By Al Mattei

Founder, TopOfTheCircle.com

When Sharon Taylor retired from her position as field hockey coach at Lock Haven University of Pennsylvania to move to the athletic director's slot, she hired Pat Rudy with a promise: the team could move from NCAA Division II to Division I whenever Rudy wanted.

In 2004, Taylor and Rudy made the move, and made it work, winning 10 of the first 11 matches of the season.

It's just another chapter in the long, colorful history of the varsity field hockey team at Lock Haven. Teams have been representing the school since at least 1945, and have competed at different levels under the auspices of the Association of Intercollegiate Athletics for Women (AIAW) and the NCAA.

Since the AIAW started holding national championships for field hockey, the Eagles have been title contenders. Several appearances in the national tournament peaked with an AIAW Division II championship in 1981.

The NCAA took over sanctioning women's sports in 1982, but Lock Haven won that national Division II championship as well. But after that season, Lock Haven suddenly found itself in a difficult position: a "tweener."

"The NCAA took away the Division II championship after the 1982 season," explains former Lock Haven coach and present athletic director Sharon Taylor. "All we wanted to do was to play in our conference (Pennsylvania State Athletic Conference) so in order for us to do that, we would have to play Division III."

The Eagles added a Division III crown in 1989, then took advantage of the reformation of Division II, making seven of the next nine NCAA title games.

For most of those seasons, Lock Haven played its PSAC rival, Bloomsburg, for the Division II title, if not the PSAC championship the previous week. The teams had met 51 times over the years, by far the most meetings in each other's varsity histories. The teams met in seven title games in a row, and eight of nine.

"I mean, how many times can you play Bloomsburg, really? The PSAC made a rule making (the regular season) a double round-robin last year, so you could play them in the conference, the conference tournament, then in the NCAAs," Taylor says. "It made no sense."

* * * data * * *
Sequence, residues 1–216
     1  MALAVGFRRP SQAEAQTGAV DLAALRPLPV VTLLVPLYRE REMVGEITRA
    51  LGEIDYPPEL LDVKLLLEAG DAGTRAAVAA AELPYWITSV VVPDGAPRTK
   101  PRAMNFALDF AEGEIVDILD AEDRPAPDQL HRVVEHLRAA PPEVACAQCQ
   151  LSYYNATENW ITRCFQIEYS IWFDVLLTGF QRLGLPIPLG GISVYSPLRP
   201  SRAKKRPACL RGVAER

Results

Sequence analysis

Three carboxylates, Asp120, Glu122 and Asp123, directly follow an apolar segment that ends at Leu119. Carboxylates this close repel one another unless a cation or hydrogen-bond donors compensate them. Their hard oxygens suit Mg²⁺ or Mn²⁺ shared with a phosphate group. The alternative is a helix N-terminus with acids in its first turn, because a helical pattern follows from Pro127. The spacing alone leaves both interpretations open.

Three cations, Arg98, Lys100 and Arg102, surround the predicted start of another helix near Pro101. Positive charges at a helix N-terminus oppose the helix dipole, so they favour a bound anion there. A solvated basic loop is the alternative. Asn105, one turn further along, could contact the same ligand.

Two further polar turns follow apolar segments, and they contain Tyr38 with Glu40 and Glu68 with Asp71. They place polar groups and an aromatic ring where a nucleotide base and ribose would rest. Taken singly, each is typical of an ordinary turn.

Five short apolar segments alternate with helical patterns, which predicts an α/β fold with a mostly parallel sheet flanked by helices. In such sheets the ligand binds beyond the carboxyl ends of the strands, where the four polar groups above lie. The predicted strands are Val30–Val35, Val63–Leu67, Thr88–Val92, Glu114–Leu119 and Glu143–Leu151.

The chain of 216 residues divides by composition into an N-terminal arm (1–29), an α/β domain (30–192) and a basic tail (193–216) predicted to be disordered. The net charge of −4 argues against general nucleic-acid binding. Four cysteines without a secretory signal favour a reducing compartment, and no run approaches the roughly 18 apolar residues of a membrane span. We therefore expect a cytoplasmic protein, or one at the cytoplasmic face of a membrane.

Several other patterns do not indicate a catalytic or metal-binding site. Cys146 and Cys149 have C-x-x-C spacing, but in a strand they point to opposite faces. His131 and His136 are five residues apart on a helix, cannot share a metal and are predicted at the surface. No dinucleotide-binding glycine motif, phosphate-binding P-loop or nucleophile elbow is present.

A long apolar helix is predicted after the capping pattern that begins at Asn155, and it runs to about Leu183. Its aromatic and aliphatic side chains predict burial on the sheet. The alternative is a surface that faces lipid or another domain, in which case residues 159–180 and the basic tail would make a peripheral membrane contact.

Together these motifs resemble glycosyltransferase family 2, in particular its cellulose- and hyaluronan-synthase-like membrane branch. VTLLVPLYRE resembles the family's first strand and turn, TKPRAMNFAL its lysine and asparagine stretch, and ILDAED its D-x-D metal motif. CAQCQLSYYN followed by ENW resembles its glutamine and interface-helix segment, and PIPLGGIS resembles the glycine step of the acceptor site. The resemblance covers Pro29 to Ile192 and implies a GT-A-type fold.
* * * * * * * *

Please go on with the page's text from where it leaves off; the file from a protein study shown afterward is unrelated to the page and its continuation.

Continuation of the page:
In 2004, the Eagles moved back to NCAA Division I for the first time since 1988 and started the season better than anyone could have imagined.

The team's 10-1 start -- which includes wins over some historically strong Lehigh, Villanova, and Georgetown teams -- is a byproduct of some unusually high-skilled play. Although the pace of the team is not quite that of the ACC or the upper half of the Big Ten, Lock Haven is a thinking team that uses space as well as some national teams.

"We do have very strong players, and are well-funded, and we play a lot of Division I schools during spring hockey," says LHUP head coach Pat Rudy. "It's a lot more challenging and motivating knowing that you're going to get a different opponent every game."

Travel plans have had to change as well; instead of being limited to mostly Pennsylvania colleges in the past, there were trips to Virginia, the District of Columbia, Massachusetts, and Connecticut in 2004.

"The facilities and support staff you see at Division I are beautiful, and we enjoy the places we visit a lot," Rudy says. "We really want to take our game to the next level."

The change from Division II to Division I has rejuvenated several of the team's upperclasswomen, notably senior center forward Kellie Kulina.

Kulina had hoped to follow her sister Kiley to Division I Penn State, but found her journey to Division I athletics more than rewarding.

"Our team was ready for it last year," the younger Kulina says. "In the beginning of this season, we were a little nervous, but now we feel we belong here."

About the only downside is that she and her three senior teammates won't be able to play for a Northeast Conference championship in 2004; the team is ineligible for the conference tourney.

Still, The Haven's brightest days could be ahead.